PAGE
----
Don't re-open ECE centres under level 3
The ECC has written to the Prime Minister and other educational leaders saying we need more time to get this right.
Our primary concern is the threat of carrier risk, along with the myriad of issues we're still working through with the Ministry of Education. We believe it's only safe to re-open under level 2.
The text of this open letter follows:
Rt Hon Jacinda Ardern
c/- Parliament Buildings
Dear Prime Minister,
We write to you directly on a matter of serious concern for the Early Childhood Education (ECE) sector – the proposition that ECE centres can re-open, under certain circumstances, during COVID-19 Alert Level 3, possibly in the very near future.
We applaud the work being done by the Ministry of Education to prepare our sector, but feel opening centres is the wrong decision in Level 3. We believe ECE services should not re-open under any circumstances until COVID-19 Alert Level 2.
The primary reason for this extra caution on our members’ part is the carrier risk of reigniting a COVID-19 outbreak.
The Ministry of Education are quoting Director General of Health Dr Ashley Bloomfield in their information:
"Our experience in New Zealand and overseas with COVID-19 over the last three months shows that it does not infect or affect children and teens in the same way it does adults."
"So children and teens have low infection rates, they don't become that unwell if they do get infected, and they don’t tend to pass the virus on to adults."
We believe this is a misquote. Although statistics for children are relatively lower than all other age groups, there is nothing about them acting as carriers, or published research to support this proposal. The Ministry of Education are using Dr Bloomfield's quote to set policy and rules for our sector, based on this lack of data.
Our parents are not stupid people, and will point to several reported cases of children carrying and dying from COVID-19, and ask us why they’re not being taken into account. We include examples in the appendix of this letter.
In addition to this carrier risk, there is a multitude of issues and unanswered question raised by our members and submitted to the Ministry of Education. While we understand Ministry officials are working hard to answer these questions, we feel the move to re-opening is too fast and that many of these issues will remain unresolved. Our sector needs clarity in order to plan, to inform staff and parents, to inform external stakeholders (like bankers). To give you an understanding of the breadth of these unresolved issues, I attach a list in the appendix to this letter. This list has already been shared with the Ministry of Education.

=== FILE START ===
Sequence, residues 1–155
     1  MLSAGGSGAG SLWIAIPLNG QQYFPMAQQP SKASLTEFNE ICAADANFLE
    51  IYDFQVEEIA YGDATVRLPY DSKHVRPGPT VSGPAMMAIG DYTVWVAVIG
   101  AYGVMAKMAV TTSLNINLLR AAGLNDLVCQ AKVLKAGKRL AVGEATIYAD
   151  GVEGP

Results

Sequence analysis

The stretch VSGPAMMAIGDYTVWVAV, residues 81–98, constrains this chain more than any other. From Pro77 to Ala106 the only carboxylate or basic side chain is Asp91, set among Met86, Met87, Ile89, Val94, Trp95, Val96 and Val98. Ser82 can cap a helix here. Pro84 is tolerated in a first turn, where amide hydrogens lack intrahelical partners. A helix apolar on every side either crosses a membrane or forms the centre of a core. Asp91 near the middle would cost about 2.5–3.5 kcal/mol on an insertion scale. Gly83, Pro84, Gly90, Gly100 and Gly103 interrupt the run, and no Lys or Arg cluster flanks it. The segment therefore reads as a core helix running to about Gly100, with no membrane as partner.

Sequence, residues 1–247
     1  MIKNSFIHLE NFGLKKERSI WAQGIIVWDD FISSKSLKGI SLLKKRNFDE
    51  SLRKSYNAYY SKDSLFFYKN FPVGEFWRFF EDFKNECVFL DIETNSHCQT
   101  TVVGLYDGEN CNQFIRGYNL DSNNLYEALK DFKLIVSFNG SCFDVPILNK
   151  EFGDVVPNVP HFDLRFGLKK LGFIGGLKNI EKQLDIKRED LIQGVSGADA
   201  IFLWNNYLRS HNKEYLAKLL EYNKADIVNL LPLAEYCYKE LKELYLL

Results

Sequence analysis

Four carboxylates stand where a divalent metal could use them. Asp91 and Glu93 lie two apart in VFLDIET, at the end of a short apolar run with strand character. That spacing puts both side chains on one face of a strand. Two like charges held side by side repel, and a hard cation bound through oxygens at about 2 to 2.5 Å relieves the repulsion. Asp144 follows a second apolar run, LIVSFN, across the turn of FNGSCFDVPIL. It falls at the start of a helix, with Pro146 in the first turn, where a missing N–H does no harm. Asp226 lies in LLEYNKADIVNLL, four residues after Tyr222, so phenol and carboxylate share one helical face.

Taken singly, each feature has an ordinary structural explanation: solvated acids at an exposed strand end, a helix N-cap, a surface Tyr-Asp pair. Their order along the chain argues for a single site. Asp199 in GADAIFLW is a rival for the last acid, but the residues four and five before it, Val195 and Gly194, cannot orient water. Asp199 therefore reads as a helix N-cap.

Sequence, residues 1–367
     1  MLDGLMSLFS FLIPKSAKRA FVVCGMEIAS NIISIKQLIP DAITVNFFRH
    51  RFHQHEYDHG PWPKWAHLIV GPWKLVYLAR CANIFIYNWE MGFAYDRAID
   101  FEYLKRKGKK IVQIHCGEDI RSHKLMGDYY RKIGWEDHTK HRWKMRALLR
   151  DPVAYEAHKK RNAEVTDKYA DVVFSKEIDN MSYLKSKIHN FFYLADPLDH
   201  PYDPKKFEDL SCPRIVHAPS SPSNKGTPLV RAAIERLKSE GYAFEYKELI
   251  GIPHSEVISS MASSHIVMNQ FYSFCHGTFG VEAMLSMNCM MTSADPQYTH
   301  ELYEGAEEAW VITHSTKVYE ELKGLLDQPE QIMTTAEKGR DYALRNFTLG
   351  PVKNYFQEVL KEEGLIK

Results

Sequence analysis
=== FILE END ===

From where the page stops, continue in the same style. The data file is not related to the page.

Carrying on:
The guidelines provided by the Ministry of Education to the ECE sector for re-opening at Level 3 are commendable. They are, however, impossible to implement and will not prevent the spread of COVID-19 from asymptomatic children. It is impossible to prevent teething infants from putting toys in their mouths just as much as it is impossible to prevent an 18 month old from breaching their bubble in the playground.
COVID Alert Level 2 is the only condition under which it is safe enough for an ECE service to re-open, given:
- - more certainty for parents and ECE services
- - more data on carrier effects
- - new cases being contained at near zero each day
- - less-stressed staff who simply cannot be asked to put their lives on the line, working with children sneezing randomly, with runny noses, etc
- - less stressed parents who are currently worried about carrier effects from other parent workplaces
- - more chance that our centres will survive through this, instead of making them operate at further losses, potentially driving them into bankruptcy.
We do not believe our 1,300 childcare centre members are going to be satisfied and sufficiently confident enough to accept the current assurances from the Ministry of Education to re-open under COVID Alert Level 3.
We implore you and your Cabinet colleagues to re-consider this specific element of the COVID Alert Level 3 picture and keep the majority of ECE services closed.
We appreciate the need to support ‘Safe’ workers with young children, but the Ministry of Education’s approach contracting a number of selected home-based ECE providers has not been successful in our view. The demand for the service has been questionable in terms of viability for the service, and ignores the carrier risks outlined above.
We recommend that Safe workers be supported to stay at home to care for their children without any risk or threat to their employment, until the country moves to COVID Alert Level 2.
If you have any queries please do not hesitate to contact me.
Chief Executive Officer
CC: Minister of Education, Hon Chris Hipkins
Secretary for Education, Iona Holsted
Appendix one – examples of children contracting COVID-19
Appendix two - case study examples
Our Centre has a Licence for 40 children. Only two children are full time; the remainder are sessional. Therefore no bubble of 10 children: Children would be coming and going through the day, which is not permittable within the guidelines.
Result / solution: Don’t open